Last week I took at look at the brand new CMA study as part of their Power of Country initiative. The CMA has taken the lead in checking the pulse of the Country Music/Radio fan. The research project started years ago under the guidance of Joe Galante, then of Sony, and the Research committee chairman of the CMA.
The organization spent a great deal of resources to dig deep into the psyche of the Country Music fan. A great deal was learned about the buying, listening and concert going public. From this research was born the CMA Insider Fan Panel, a group of more than 13,000 Country Music fans. Throughout the year the CMA reaches out to these panelists and is able to measure changing attitudes.
Last week I dealt primarily with how these panelists used Broadcast Radio. This week I am going to explore the fans’ use of Country Music online; how and where they buy music; how they use Social Media and how important new artists are to the genre and Radio.
The headline is that Country fans that listen online prefer Pandora more than 2 to 1 versus Spotify.
Pandora leads the pack with 51% of the listening online with these respondents. Spotify, the newer and less well known of the two, comes in at 24% with Slacker and Rhapsody at 18%. What is not asked is if any of the respondents use the paid versions of these services.
Personally I use Pandora and Spotify but I don’t pay for either service. I use Spotify to find music that I cannot find in other places (like Play MPE) just to sample. I like that it is on demand. Pandora is good for a “Tears for Fears” mood that hits me every once in a while.
Not only is Pandora the “cume” leader but it is far and away the TSL leader with 31% of its users locked in for up to 3 hours a week and 11% for over 6 hours a week. None of the other services are in the same zip code. By the way, none of these numbers are even close to the listening levels for Broadcast radio.
The real difference between Broadcast Radio and Online Radio is location of listening. Ninety-Three percent of the respondents said that they listen to Broadcast Radio in the car. (51% said that they also listen to Broadcast Radio in places other than the car). When questioned about online locations 42% said at home, 25% at work, 10% in the car.
I just learned that many workplaces are restricting the use of online listening on company computers. This will certainly impact the listening levels to all music in the workplace at some point.
Not only does Mark Zuckerberg have about $12B he has a lot of friends. Almost 90% of the respondents in this survey are on Facebook. And half of them comment or reply to a Country Radio post.
Twitter is far behind and engagement is also behind Facebook. You might remember that I have cautioned that at some point Facebook will rise up and try to take away a station’s listener base but for now stations need to use every avenue to communicate with listeners.
Right now the Internet is still very Broadcast Radio friendly with 75% of Country fans visiting a station’s website in the past 30 days. The really good news is that the number one reason is another commerce driver. Concert information is why 62% say that they check station websites regularly.
Over half of the station’s fans use the site to enter contests and 20% claim to visit the site as part of their daily routine.
I can tell you, as a radio programmer, that the number one discussion today is about new artists. We get about dozen legitimate new acts every quarter. Radio gets heat for not being aggressive with new acts but the survey says that 73% discover new artists and songs from their local Broadcast Radio station.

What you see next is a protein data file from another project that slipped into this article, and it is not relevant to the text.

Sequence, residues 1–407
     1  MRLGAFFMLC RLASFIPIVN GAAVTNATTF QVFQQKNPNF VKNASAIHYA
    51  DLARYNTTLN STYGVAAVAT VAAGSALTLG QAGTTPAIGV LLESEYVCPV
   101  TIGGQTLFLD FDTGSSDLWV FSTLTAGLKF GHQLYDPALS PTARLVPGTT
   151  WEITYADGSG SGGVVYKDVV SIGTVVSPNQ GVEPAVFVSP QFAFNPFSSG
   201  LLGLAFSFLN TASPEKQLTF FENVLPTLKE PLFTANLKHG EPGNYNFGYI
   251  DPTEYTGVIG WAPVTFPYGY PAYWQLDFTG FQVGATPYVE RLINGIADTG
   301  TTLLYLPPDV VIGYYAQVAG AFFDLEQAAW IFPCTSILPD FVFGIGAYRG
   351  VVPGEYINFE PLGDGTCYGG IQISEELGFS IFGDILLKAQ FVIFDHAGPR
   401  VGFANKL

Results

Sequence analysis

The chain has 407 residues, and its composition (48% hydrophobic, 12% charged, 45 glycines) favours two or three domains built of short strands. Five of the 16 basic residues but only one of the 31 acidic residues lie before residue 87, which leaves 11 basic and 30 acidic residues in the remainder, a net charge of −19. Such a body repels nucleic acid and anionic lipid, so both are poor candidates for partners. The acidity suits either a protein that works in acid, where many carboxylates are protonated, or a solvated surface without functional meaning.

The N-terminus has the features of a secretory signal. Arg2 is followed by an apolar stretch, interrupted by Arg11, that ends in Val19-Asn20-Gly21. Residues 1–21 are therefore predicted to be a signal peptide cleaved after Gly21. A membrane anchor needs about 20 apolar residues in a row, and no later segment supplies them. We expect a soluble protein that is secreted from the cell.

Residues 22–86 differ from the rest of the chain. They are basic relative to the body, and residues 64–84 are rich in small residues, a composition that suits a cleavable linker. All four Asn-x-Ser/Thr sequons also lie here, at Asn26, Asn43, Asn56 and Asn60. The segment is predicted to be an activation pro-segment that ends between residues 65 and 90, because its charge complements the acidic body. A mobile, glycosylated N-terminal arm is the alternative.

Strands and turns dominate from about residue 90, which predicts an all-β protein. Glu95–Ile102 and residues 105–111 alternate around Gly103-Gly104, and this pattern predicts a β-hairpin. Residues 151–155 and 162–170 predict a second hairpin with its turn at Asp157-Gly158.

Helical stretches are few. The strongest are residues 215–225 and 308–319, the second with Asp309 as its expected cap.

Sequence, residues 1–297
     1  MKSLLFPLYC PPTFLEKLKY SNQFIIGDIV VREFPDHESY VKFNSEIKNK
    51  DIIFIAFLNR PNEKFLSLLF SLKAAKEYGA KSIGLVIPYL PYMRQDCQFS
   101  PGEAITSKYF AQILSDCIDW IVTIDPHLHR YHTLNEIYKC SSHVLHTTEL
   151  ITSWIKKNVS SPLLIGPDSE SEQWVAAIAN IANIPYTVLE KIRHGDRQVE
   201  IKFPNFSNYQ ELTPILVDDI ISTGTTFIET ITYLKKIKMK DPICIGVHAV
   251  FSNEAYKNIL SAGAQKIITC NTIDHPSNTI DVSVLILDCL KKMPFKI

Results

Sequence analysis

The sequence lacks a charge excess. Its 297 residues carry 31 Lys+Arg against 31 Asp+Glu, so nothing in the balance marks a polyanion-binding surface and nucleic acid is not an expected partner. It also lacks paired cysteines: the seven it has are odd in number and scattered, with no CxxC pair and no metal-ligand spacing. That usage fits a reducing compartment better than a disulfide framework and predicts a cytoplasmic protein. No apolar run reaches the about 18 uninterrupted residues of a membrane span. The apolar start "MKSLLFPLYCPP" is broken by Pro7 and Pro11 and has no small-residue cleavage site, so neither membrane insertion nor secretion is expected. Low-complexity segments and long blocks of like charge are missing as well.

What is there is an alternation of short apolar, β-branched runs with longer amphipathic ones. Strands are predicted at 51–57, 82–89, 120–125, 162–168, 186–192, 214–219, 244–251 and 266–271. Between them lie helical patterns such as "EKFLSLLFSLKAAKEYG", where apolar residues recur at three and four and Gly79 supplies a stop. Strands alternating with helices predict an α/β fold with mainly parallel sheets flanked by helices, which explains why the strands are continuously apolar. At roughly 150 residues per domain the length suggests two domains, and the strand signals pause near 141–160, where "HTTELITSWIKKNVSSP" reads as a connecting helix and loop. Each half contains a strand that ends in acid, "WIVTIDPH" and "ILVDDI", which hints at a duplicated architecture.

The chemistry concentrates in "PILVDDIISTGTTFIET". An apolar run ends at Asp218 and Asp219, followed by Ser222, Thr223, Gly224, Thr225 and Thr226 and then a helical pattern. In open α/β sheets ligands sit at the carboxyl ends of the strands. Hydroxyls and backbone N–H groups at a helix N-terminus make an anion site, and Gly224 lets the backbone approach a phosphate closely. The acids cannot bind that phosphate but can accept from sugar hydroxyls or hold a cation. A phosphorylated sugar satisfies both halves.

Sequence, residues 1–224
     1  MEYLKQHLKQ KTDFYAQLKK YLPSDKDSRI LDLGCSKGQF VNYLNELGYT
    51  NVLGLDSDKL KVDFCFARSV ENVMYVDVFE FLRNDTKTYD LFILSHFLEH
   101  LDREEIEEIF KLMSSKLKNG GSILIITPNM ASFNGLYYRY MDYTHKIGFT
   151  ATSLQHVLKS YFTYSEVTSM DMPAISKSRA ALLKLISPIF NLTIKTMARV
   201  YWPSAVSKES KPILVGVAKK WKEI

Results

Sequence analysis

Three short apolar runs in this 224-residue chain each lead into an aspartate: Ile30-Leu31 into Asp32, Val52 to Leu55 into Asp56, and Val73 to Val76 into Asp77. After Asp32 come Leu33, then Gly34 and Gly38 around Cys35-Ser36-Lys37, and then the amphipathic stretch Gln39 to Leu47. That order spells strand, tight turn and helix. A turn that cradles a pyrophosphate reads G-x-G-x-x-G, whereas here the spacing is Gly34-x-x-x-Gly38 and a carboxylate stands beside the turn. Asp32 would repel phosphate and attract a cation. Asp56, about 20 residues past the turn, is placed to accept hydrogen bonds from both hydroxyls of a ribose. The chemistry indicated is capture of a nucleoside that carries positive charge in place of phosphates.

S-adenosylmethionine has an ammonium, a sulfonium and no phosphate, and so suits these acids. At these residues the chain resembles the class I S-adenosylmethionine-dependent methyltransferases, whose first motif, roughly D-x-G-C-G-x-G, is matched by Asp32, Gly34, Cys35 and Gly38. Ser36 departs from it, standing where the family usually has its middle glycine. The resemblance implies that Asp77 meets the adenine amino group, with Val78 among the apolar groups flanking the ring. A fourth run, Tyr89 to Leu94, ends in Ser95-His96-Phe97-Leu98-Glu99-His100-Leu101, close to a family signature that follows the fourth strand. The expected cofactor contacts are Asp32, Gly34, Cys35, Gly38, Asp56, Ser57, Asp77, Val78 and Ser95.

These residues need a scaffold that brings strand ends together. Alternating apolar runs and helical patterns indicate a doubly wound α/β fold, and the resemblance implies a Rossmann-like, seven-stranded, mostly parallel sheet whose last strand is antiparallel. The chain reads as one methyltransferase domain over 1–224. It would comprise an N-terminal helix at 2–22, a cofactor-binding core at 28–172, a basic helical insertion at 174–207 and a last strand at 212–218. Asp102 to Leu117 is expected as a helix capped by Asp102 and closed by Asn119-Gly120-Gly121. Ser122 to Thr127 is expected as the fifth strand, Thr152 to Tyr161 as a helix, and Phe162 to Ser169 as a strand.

Radio also sends the fans off to do some research on new artists and their new music. The Internet is so much a part of our life today and the access to information is so easy that radio serves as the spark but the Net is the accelerant. A quarter of the fans are moved to purchase a CD or individual track from following a song they like on the radio. A pretty darn good return on investment. Anyone at RIAA listening?
Music videos come in second with 53%. Friends, Facebook and Twitter are all about the same at just above 30%.
Having the listener reach into their pocket is one of the most important things they can do. That will be the only true measurement of success.
Almost a third say they are planning to buy more digital tracks and young fans are more likely to buy more digital tracks than other groups.
Selling music is not what it used to be but the concert business is improving, particularly for the superstars and Country Music fans look to their favorite Broadcast Radio station to play new music, current hits and provide concert and touring information. Stations need to do this and they need to talk about it every day, taking credit for what you do and emphasizing what we know is important to the listener.
Country Radio is the number one source for information and access to new music and new artists. Country Radio needs to take ownership of this and make sure that it delivers everyday to the listener’s expectations.
And kudos to the CMA for being willing to take on this continuing project. This is information that its entire constituency can benefit from everyday.
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About the AuthorCook is currently on the board of both the ACM and the CMA and serves as Director of Programming and Brand Management for West Virginia Radio Corp, based in Morgantown, WV. He is also President of McVay/Cook and Associates, a Cleveland-based media consulting company. He has served on the CRB Board for over 20 years.
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